John Richardson notes that we need to be vigilant about last minute gun control from the Obama Administration, and he’s right. But this DOJ spec for what a smart gun would need to look like in order to be acceptable to law enforcement is telling, in that it rejects much of the gun control groups sacred cows about what citizens do and don’t need for self-defense. Let us look deeper:
Pistols shall be semi-automatic, recoil-operated, magazine-fed, and striker-fired.
I thought semi-automatic weapons only belonged on the battle field?
Class I magazines shall hold a minimum of 14 cartridges.
Class II magazines shall hold a minimum of 16 cartridges.
But I thought these dangerous high-capacity magazines were weapons of war only suitable for mowing down school children, and are thoroughly unnecessary for self-defense? Law enforcement isn’t just demanding a maximum of 10, it’s saying their minimum is 14.
The pistol shall fire with the magazine removed and a live round in the chamber.
Pistols shall not have a magazine disconnect which prevents the firearm from firing when the magazine is removed from the pistol.
Why do law enforcement and military leaders hate their own children?
Pistols shall not have a manual external thumb, finger, or grip-actuated safety device.
But I thought this was good and necessary? Several states laws say this is an unsafe design! But here we get to the “smart” part:
4.18 Security devices
4.18.1 Pistols shall have an integrated “lock-out” security device as a permanent part of the pistol that disables the firing mechanism except when in the control of authorized individuals.
4.18.2 The security device shall be understood to include any externally worn items, such as rings, wristbands, or tokens that perform functions associated with the security device
4.18.3 The security device shall include a programmable authorization system that can be set to allow one or more operators to fire the pistol.
4.18.4 The security device shall not inhibit the operator from firing in either hand, one-handed or two-handed, with and without gloves, in any orientation.
4.18.5 The security device shall not alter the normal operation of grasping and firing the pistol as a pistol of the same design that is not equipped with the security device.
4.18.6 The security device shall not increase the time required by the operator to grasp, draw from a holster, and fire the pistol as a pistol of the same design that is not equipped with the security device.
4.18.7 The security device shall not emit audible sounds or visible signals.
4.18.8 If the security device may be susceptible to electromagnetic interference, either intentional or unintentional, the device shall be equipped with countermeasure detection technology that permits the operator to fire the gun when an attempt to block the authorization process is detected.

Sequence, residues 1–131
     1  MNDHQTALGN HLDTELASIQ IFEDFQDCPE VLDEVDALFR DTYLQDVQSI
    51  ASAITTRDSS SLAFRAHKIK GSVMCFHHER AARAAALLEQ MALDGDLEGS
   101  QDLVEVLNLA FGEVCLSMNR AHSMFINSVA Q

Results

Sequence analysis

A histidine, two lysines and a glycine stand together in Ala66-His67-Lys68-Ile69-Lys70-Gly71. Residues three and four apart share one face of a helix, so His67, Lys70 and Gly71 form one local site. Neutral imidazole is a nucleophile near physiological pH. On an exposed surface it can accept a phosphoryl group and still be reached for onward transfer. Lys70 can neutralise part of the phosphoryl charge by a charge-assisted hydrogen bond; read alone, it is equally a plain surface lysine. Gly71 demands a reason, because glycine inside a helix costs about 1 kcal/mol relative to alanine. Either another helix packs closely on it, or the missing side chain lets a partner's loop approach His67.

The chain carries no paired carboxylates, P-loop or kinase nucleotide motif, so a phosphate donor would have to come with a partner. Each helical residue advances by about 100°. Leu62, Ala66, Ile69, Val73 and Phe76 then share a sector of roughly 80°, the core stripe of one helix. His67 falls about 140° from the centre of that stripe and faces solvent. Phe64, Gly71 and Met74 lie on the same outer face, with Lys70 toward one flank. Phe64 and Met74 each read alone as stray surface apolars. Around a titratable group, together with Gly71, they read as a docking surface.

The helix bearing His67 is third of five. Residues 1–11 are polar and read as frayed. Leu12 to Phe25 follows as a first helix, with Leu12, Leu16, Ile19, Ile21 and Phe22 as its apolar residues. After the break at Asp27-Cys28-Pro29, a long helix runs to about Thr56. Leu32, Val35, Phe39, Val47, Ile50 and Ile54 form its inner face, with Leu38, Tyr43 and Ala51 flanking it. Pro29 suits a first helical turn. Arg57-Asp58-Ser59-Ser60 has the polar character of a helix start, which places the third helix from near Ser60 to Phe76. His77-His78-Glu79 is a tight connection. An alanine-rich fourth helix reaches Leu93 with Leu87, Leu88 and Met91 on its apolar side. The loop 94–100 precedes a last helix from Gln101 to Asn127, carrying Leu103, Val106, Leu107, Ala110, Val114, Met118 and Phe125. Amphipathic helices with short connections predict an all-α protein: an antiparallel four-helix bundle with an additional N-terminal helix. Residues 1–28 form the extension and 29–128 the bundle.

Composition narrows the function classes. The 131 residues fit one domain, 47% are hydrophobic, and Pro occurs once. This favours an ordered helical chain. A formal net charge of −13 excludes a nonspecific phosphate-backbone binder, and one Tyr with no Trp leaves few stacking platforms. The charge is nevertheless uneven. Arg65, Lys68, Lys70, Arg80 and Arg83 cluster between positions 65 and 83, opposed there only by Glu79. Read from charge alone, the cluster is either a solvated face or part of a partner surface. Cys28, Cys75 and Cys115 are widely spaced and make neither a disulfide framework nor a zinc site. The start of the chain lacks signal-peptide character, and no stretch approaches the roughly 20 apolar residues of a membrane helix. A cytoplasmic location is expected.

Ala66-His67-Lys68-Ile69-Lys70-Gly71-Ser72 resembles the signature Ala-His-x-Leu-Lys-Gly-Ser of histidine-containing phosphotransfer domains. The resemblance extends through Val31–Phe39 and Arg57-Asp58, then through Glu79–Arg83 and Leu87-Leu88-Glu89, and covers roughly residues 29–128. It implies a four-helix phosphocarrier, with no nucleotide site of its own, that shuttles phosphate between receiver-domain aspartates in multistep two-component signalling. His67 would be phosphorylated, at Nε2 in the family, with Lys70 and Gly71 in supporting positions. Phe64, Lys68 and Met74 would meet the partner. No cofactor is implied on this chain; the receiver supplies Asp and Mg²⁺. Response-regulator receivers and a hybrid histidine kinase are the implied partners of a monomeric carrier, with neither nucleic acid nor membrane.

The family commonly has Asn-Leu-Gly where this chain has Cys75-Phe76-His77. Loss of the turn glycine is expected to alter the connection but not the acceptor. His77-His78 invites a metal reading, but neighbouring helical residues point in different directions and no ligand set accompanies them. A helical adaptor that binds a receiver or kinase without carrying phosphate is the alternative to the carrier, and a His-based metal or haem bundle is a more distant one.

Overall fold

4.18.9 The security device shall covertly indicate when the pistol is ready to fire.
4.18.10 If the security device uses batteries, the batteries can be rechargeble but shall
4.18.11 Low power to the security device shall be indicated covertly with sufficient time to safely take action.
4.18.12 If the security device malfunctions, it shall default to a state to allow the pistol to fire.
4.18.13 The security device should be easy for an operator to quickly reset or disengage if there is a malfunction.
They also demand the following in terms of reliability:
5.2 Reliability and durability
5.2.1 Pistols shall exhibit a mean overall malfunction or failure rate of no greater than 1 in 2,000, or shall exhibit a mean rounds between failure of no less than 2,000.
5.2.2 Pistols shall be durable and exhibit no failures due to wear or damage for a total of 10,000 rounds. Parts may be replaced in accordance with the manufacturer’s specification for regular preventative maintenance. The replacement of parts per the manufacturer’s maintenance schedule does not constitute a parts failure. This durability specification also applies to the security device on the pistol as well as any periphery devices that may be required to be used with the security device.
Basically, if it’s not very Glock-like, in terms of design, operation and reliability, law enforcement doesn’t want it. Keep this in mind, folks, when the gun control crowd insists that civilians accept far far less than this. The reason they will insist that we accept less is because this specification is not possible to meet with any existing technology.
17 Responses to “DOJ Smart Gun Specs are Telling”
- Obama still trying to move gun control forward - […] seems unlikely to advance under a Trump administration, but it doesn't go away. On the other hand, Sebastian took…